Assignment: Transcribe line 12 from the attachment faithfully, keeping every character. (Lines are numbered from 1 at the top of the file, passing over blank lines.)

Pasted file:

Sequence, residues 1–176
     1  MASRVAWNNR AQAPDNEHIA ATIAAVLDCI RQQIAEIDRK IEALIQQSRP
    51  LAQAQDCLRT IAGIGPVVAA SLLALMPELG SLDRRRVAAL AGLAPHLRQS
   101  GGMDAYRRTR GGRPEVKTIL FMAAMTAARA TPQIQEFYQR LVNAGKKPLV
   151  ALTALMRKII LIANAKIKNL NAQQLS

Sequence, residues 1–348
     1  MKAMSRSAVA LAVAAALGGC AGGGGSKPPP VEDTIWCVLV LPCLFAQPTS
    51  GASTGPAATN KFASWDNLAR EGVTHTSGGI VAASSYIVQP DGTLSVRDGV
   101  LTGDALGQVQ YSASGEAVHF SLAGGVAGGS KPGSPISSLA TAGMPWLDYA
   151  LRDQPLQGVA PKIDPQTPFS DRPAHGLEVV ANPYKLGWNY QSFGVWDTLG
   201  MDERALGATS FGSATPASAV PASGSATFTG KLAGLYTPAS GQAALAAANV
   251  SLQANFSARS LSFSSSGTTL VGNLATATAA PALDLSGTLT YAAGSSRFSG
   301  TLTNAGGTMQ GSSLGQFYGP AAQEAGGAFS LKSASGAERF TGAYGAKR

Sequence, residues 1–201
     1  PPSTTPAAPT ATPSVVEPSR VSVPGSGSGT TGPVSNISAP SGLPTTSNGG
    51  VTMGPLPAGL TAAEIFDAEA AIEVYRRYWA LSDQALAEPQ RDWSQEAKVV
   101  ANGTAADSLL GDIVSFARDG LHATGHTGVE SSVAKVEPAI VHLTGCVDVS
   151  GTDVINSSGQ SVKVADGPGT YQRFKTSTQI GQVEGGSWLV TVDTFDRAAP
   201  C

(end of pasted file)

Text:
   251  SLQANFSARS LSFSSSGTTL VGNLATATAA PALDLSGTLT YAAGSSRFSG